I have flown back and forth to the Sarasota area over the past 15 months, scouting office locations as we continue to grow our footprint even through the pandemic. I try my best to squeeze in a few rounds of golf here and there to keep my game in somewhat decent form. On one of these trips I was lucky to find a displaced golfer from Boston (via Ireland) spending the COVID period in Florida while transitioning to a new position in the U.A.E. It is always good to have a fellow golfer to tee up and play some new courses with. We have played early in the morning and late in the afternoon, and it has worked well around my schedule. This morning, we secured an early tee time at Esplanade at Azario, part of the Lakewood Ranch complex.
The 18-hole Esplanade is an above-par facility designed by Chris Wilczynski and his relatively new company, CW Golf Architecture, hired by leading national homebuilder Taylor Morrison. Chris’ two courses — Esplanade Golf & Country Club in Naples and Lakewood Ranch — earned a place on Golf Digest’s 2014 “Best New Courses” list.
GPS took me to a parking lot of a shopping center, and after talking to my golf partner, I was directed about another mile to the course entrance. The team at the course, friendly and helpful, said this happens to everyone. A lot of homes remain under construction; as with many Florida developments, the course is built first and the homes follow. I learned the housing market is so hot, Lakewood does not even confirm final prices for lots when buyers place their down payment.
Aiden McNulty, my partner in crime, decided we’d play a little side game for the round. I was offered a few strokes, fine with me, as Aiden is a better player and able to find his way out of some sticky situations. We decided on five a side as the wager and off we went as a twosome for the round. We were considerably pleased with each other, as we had both secured our second COVID vaccine shot, and even though we had played a few times prior, we always rode in separate carts. This was a big change!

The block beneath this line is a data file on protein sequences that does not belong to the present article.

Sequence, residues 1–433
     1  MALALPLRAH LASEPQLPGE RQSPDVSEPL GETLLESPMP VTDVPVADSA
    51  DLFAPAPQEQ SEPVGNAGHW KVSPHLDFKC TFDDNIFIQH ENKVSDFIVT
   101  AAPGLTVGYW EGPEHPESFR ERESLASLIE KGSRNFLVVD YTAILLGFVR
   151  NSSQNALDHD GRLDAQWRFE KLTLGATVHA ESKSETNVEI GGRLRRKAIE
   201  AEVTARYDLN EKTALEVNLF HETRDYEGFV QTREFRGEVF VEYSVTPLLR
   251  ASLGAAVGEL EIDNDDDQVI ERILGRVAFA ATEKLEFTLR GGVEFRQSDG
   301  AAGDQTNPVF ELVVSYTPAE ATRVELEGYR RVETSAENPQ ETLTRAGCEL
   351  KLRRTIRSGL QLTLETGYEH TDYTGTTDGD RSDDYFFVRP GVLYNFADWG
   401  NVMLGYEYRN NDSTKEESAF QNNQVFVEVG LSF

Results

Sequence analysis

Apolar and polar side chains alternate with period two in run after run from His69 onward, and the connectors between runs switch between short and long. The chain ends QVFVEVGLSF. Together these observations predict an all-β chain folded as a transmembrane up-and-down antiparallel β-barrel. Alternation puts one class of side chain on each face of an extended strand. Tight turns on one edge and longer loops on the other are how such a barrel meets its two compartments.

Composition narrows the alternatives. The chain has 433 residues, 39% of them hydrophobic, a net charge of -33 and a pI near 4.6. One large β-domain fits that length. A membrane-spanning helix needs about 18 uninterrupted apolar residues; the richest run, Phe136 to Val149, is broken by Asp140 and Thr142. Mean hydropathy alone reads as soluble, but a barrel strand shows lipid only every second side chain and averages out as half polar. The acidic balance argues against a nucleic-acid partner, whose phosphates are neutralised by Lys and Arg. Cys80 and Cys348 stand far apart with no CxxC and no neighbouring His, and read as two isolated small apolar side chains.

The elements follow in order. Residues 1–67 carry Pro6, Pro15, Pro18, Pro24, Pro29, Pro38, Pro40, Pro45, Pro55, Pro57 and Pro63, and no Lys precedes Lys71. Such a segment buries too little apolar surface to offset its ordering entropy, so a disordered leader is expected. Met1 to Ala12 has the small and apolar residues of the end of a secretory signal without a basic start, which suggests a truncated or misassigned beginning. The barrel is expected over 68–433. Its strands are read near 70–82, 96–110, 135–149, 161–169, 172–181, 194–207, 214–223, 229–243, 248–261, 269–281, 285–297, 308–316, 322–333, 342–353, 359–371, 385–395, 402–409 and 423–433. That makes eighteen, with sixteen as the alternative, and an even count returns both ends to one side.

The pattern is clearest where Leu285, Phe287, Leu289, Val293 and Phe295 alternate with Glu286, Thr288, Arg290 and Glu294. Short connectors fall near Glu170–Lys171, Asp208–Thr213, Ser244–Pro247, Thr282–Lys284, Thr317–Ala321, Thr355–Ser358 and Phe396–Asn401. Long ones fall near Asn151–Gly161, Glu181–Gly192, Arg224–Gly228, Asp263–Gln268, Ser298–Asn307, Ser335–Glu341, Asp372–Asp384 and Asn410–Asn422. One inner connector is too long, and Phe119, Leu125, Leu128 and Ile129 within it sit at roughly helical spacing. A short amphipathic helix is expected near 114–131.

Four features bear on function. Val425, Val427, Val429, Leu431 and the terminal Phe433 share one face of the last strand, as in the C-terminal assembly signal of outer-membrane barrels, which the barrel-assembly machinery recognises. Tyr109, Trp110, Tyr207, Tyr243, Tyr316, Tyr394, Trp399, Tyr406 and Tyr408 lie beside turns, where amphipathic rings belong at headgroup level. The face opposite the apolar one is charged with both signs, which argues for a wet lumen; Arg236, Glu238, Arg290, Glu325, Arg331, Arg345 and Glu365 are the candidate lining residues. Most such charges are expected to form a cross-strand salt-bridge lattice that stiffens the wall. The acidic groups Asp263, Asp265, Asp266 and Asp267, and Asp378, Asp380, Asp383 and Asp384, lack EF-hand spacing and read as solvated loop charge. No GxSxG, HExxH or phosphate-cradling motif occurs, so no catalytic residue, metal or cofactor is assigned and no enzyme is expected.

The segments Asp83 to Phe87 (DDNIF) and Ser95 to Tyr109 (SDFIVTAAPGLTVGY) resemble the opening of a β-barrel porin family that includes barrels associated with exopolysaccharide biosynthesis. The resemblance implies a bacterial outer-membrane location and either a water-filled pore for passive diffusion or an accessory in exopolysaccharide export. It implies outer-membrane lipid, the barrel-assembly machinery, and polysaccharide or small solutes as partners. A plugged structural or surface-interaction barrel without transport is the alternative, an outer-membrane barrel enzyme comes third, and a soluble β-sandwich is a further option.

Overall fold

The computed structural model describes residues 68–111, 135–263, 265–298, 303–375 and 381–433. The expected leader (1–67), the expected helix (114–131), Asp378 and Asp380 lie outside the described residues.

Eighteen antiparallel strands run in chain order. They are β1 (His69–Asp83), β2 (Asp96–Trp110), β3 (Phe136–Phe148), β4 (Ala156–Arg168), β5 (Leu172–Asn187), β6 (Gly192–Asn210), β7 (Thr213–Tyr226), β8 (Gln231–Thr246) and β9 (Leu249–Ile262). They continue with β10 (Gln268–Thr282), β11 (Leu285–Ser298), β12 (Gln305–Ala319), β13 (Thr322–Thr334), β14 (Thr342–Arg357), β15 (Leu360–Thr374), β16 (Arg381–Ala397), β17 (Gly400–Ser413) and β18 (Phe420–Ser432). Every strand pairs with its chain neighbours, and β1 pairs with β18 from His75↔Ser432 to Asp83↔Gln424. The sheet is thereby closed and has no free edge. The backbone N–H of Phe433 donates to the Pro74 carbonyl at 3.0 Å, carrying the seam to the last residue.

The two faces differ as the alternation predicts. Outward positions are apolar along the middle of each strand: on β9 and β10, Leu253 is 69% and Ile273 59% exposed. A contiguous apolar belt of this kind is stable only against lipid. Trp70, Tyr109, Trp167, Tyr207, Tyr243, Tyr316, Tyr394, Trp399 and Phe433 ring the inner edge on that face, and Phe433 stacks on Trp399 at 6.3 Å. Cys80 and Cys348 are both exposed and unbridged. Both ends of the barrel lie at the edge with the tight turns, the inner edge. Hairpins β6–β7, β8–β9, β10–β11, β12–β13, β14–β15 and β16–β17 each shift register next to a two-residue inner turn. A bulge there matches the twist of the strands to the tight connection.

410 yards, par 4
Out of the gate, Hole 1 is a beautiful hole, and it helped it was one of those clear Florida West Coast days with lots of sun and blue sky. Competitive as ever, Aiden slammed his first tee shot down the fairway, avoiding the water on the left and setting himself up for a great approach. Wilczynski prides himself on designing a course that is both playable and challenging. Using the flat topography of the region, he mounded and sculpted (often by hand) the course to its current rolling shape. On this dogleg left I decided I needed an edge to keep up with Aiden. I cut my ball over the corner of the water, offering a little more advantage — this type of shot can easily end in disaster … and wet. Next shot I landed in the front of but off the green, then chipped on and into the cup for a bogey. Aiden had a miss hit and bad chip, securing a double bogey and putting me, the underdog, in the lead.
424 yards, par 4